I'm trying to understand Radial Basis Function Network. I have (don' know how to write proper formatter mathematical functions here..):

$x = [ -1.0000, -0.5000, 0,0.5000,1.0000]$

$y_i = f(x_i)$

$f(x) = \ \frac{1}{(1+x^2)}$

$y = [0.5000, 0.8000,1.0000, 0.8000,0.5000]$

xy = [ -1.0000    0.5000
       -0.5000    0.8000
             0    1.0000
        0.5000    0.8000
        1.0000    0.5000]

Then there is:

$Phi_j(x) = exp(-(|x - t_j|/4))$

$t_j = -1 + (j - 1)\ \times\ \frac{2}{m_1 - 1}$

$m_1 <= N$

And then G matrix is written like this:

$G = (Phi_j(x_i,t_j))$

This matrix is used to calculate weights:

$w = G^+y$

$G^+ = (G'G)^-1G'$

So it looks for me that G uses Phi function with two inputs, but Phi is written as one input function. Do I miss something here?

  • $\begingroup$ please fix your latex -- this is indecipherable. $\endgroup$ – Sycorax Nov 6 '17 at 18:30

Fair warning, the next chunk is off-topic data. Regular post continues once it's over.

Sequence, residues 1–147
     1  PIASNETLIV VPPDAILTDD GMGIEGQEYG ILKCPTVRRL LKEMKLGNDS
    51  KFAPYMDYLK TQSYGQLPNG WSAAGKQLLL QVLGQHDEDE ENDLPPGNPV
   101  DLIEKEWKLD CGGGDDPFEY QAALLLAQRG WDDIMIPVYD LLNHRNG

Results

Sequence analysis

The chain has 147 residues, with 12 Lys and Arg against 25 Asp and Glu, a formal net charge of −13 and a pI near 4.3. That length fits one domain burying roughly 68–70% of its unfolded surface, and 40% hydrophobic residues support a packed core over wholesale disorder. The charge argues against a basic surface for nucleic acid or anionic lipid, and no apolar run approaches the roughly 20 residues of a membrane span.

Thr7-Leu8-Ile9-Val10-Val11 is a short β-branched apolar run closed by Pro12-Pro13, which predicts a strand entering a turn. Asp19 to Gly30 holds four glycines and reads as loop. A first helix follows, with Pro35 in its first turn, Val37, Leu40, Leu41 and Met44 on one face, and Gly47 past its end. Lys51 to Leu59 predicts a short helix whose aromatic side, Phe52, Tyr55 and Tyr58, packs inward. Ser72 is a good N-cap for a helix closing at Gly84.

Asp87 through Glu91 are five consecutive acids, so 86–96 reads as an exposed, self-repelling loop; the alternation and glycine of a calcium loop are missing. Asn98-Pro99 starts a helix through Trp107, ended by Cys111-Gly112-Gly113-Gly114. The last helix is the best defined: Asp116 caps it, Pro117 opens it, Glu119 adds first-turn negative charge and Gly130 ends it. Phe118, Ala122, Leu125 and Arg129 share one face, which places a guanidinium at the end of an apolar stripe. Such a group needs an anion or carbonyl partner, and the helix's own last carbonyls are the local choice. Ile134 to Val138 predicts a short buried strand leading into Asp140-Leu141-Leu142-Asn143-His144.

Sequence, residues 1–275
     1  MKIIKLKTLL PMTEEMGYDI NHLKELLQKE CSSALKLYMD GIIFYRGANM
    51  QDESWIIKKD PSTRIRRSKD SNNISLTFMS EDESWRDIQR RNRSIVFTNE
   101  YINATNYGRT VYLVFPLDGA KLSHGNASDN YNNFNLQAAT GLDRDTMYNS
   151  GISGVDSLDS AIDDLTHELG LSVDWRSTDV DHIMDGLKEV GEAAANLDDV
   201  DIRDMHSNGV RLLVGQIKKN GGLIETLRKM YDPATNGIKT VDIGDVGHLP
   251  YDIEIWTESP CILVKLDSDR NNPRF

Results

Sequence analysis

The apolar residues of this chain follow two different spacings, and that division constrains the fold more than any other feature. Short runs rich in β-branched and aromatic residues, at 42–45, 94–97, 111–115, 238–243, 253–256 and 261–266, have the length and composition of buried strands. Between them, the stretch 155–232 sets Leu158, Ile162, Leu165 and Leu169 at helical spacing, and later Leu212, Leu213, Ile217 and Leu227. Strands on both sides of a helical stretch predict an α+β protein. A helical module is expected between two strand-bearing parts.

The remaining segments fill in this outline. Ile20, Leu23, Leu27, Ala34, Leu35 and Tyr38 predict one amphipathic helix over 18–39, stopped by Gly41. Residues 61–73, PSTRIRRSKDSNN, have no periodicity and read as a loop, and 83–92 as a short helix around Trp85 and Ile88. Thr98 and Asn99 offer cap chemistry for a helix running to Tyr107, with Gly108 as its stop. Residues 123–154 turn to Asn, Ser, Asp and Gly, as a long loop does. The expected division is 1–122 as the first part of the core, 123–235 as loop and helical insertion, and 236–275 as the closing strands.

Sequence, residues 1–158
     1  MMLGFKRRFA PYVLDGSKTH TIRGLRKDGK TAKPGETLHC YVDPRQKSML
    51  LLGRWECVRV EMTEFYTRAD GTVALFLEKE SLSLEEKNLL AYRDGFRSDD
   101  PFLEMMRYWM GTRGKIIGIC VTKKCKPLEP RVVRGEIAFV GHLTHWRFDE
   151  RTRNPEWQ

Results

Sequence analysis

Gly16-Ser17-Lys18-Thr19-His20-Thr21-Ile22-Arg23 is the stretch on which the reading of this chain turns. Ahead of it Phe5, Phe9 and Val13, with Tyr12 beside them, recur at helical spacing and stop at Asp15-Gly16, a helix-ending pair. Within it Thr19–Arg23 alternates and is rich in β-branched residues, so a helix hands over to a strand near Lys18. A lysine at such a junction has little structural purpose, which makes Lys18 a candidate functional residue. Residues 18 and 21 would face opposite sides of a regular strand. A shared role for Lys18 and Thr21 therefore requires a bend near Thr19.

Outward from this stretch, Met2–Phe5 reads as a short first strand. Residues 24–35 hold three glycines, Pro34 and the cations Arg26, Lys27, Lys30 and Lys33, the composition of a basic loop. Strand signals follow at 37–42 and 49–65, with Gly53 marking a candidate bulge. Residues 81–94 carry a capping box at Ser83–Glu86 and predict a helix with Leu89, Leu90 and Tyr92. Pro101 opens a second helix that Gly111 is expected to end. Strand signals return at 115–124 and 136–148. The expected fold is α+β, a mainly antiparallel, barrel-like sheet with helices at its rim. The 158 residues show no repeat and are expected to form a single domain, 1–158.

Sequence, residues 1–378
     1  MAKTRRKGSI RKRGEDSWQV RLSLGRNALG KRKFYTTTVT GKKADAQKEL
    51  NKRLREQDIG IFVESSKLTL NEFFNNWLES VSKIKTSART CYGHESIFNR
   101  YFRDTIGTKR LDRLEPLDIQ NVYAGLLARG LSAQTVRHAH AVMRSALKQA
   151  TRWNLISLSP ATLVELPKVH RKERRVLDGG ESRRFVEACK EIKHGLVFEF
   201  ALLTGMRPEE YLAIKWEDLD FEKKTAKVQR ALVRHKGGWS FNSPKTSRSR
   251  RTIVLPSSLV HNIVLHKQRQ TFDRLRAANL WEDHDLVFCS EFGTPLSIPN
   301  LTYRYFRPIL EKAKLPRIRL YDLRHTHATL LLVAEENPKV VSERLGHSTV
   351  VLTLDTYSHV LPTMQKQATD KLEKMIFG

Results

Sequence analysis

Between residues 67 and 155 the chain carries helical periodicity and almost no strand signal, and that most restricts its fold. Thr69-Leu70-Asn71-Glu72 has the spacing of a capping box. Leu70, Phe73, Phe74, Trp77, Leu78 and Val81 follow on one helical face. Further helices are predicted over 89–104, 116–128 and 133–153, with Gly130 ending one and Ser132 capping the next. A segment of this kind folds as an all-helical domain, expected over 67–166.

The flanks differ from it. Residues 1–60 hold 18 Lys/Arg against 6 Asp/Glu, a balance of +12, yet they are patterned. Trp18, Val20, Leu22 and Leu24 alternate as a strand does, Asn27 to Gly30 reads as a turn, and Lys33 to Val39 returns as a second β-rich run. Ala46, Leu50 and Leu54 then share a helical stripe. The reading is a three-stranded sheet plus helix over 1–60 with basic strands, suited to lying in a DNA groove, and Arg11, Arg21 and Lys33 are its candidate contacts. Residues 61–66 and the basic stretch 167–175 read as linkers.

Actually the point is that in RBF you approximate the density of probability of the function (in the case of regression) through a linear combination of kernel functions of the form,

$$f(x) = \sum_{n}w_{n}G(\lVert x-x_{n} \rVert)$$

where $x_{n}$ are the training data points. The two parameters you are referring to are the centers ($t_{n}$ in your notation) and the point you want to evaluate the function at, $x$. There are actually many possible elections for the kernel function, $G$. Each choice corresponds to a different type of regularization. One you make a choice, solving the problem reduces to a linear algebraic equation.

If you are interested on the mathematical basis of RBF, you may take a look at this paper.

| cite | improve this answer | |

You can view RBF as linear regression with a non linear transformation of the inputs. ( just as you could use x^2, x^3 etc). The G+ Matrix is just standard linear regression formula. So first step, fix the t's - this could be either by taking random x (x[r_1], x[r_2],...)samples from your inputs, or again by performing unsupervised learning on your inputs to find "prototypes". These ts are now fixed, and you calculate G by applying phi to all x[i's] and t[j]s. Finally you perform linear regression, namely the G(+)

| cite | improve this answer | |

Your Answer

By clicking “Post Your Answer”, you agree to our terms of service, privacy policy and cookie policy

Not the answer you're looking for? Browse other questions tagged or ask your own question.